David Bourget (Western Ontario)
David Chalmers (ANU, NYU)
Rafael De Clercq
Jack Alan Reynolds
Learn more about PhilPapers
Zygon 38 (2):247-256 (2003)
The preceding article by Marc Bekoff reveals much about our current understanding of animal self-consciousness and its implications. It also reveals how much more there is to be said and considered. This response briefly examines animal self-consciousness from scientific, moral, and theological perspectives. As Bekoff emphasizes, self-consciousness is not one thing but many. Consequently, our moral relationship to animals is not simply one based on a graded hierarchy of abilities. Furthermore, the complexity of animal self-awareness can serve as stimulus for thinking about issues of theodicy and soteriology in a broader sense
|Keywords||Animal Religion Rights Self-consciousness Theology Bekoff, M|
|Categories||categorize this paper)|
Setup an account with your affiliations in order to access resources via your University's proxy server
Configure custom proxy (use this if your affiliation does not provide a proxy)
|Through your library|
References found in this work BETA
David J. Chalmers (1996). The Conscious Mind: In Search of a Fundamental Theory. Oxford University Press.
Thomas Nagel (1974). What is It Like to Be a Bat? Philosophical Review 83 (October):435-50.
Donald R. Griffin (1981). The Question of Animal Awareness: Evolutionary Continuity of Mental Experience. William Kaufmann.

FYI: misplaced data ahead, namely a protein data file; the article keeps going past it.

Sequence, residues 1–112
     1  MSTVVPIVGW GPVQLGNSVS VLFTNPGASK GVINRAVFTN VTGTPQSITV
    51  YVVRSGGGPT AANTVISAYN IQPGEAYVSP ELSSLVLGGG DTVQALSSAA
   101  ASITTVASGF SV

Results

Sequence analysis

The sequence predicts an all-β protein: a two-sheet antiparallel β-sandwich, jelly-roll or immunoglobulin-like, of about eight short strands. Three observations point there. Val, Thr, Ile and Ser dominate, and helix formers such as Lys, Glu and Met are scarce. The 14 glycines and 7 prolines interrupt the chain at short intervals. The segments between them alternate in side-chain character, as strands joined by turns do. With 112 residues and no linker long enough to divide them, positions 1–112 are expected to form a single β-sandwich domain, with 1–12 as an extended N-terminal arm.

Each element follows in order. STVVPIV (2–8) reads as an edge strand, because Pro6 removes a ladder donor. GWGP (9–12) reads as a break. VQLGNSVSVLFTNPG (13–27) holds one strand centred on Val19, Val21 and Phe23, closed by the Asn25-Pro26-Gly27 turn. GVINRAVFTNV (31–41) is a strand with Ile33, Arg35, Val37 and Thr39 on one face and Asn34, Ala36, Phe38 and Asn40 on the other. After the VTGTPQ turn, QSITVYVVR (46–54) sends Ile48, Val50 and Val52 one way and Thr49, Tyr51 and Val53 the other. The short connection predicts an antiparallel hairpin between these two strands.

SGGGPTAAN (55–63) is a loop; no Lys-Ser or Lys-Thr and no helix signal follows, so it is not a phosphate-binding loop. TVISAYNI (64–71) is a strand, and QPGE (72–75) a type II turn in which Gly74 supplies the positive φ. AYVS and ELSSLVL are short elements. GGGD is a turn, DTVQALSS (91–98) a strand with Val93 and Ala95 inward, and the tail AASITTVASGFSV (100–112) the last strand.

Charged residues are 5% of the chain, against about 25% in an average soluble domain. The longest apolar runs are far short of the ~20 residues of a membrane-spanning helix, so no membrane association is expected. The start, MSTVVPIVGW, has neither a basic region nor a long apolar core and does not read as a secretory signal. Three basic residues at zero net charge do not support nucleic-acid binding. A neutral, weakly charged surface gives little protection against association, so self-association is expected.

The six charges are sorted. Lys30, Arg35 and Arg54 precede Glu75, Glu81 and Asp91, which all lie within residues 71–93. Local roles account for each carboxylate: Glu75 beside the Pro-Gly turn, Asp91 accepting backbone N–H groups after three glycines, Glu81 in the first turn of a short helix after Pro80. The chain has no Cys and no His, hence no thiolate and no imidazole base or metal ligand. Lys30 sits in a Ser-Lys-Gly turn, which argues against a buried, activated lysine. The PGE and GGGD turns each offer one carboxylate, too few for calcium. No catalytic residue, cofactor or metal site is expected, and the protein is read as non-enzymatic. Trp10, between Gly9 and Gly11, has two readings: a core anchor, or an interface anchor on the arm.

Antonio R. Damasio (1999). The Feeling of What Happens: Body and Emotion in the Making of Consciousness. Harcourt Brace and Co.
G. G. Gallup (1977). Self-Recognition in Primates: A Comparative Approach to the Bidirectionalproperties of Consciousness. American Psychologist 32:329-38.
Citations of this work BETA
No citations found.
Similar books and articles
Marc Bekoff (1999). Social Cognition: Exchanging and Sharing Information on the Run. [REVIEW] Erkenntnis 51 (1):617-632.
Marc Bekoff (2006). Animal Passions and Beastly Virtues: Cognitive Ethology as the Unifying Science for Understanding the Subjective, Emotional, Empathic, and Moral Lives of Animals. Zygon 41 (1):71-104.
Uriah Kriegel (2013). Animal Rights: A Non‐Consequentialist Approach. In K. Petrus & M. Wild (eds.), Animal Minds and Animal Ethics. Transcript
Marc Bekoff (2001). The Evolution of Animal Play, Emotions, and Social Morality: On Science, Theology, Spirituality, Personhood, and Love. Zygon 36 (4):615-655.
Marc Bekoff, Colin Allen & Gordon M. Burghardt (eds.) (2002). The Cognitive Animal: Empirical and Theoretical Perspectives on Animal Cognition. MIT Press.
Colin Allen & Mark Bekoff (2007). Animal Consciousness. In Max Velmans & Susan Schneider (eds.), The Blackwell Companion to Consciousness. Blackwell
Marc Bekoff & Carron A. Meaney (eds.) (1998). Encyclopedia of Animal Rights and Animal Welfare. Greenwood Press.
Marc Bekoff (2003). Considering Animals--Not Higher Primates. Zygon 38 (2):229-245.
Marc Bekoff (2007). Animals Matter: A Biologist Explains Why We Should Treat Animals with Compassion and Respect. Distributed in the United States by Random House.
Marc Bekoff (1992). Scientific Ideology, Animal Consciousness, and Animal Protection: A Principled Plea for Unabashed Common Sense. New Ideas in Psychology 10:79-94.
Added to index2009-01-28
Total downloads199 ( #6,584 of 1,725,629 )
Recent downloads (6 months)25 ( #37,943 of 1,725,629 )
How can I increase my downloads?